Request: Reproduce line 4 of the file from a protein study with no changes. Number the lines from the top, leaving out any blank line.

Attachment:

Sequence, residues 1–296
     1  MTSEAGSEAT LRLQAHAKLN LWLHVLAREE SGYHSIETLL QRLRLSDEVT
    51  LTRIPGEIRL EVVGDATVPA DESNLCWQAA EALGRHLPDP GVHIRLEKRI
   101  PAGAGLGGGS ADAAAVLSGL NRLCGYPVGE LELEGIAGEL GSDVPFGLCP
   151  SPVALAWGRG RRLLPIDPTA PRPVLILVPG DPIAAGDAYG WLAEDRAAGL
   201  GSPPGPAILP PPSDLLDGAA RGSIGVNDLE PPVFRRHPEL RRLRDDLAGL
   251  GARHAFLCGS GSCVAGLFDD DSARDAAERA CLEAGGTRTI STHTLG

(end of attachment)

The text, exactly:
   101  PAGAGLGGGS ADAAAVLSGL NRLCGYPVGE LELEGIAGEL GSDVPFGLCP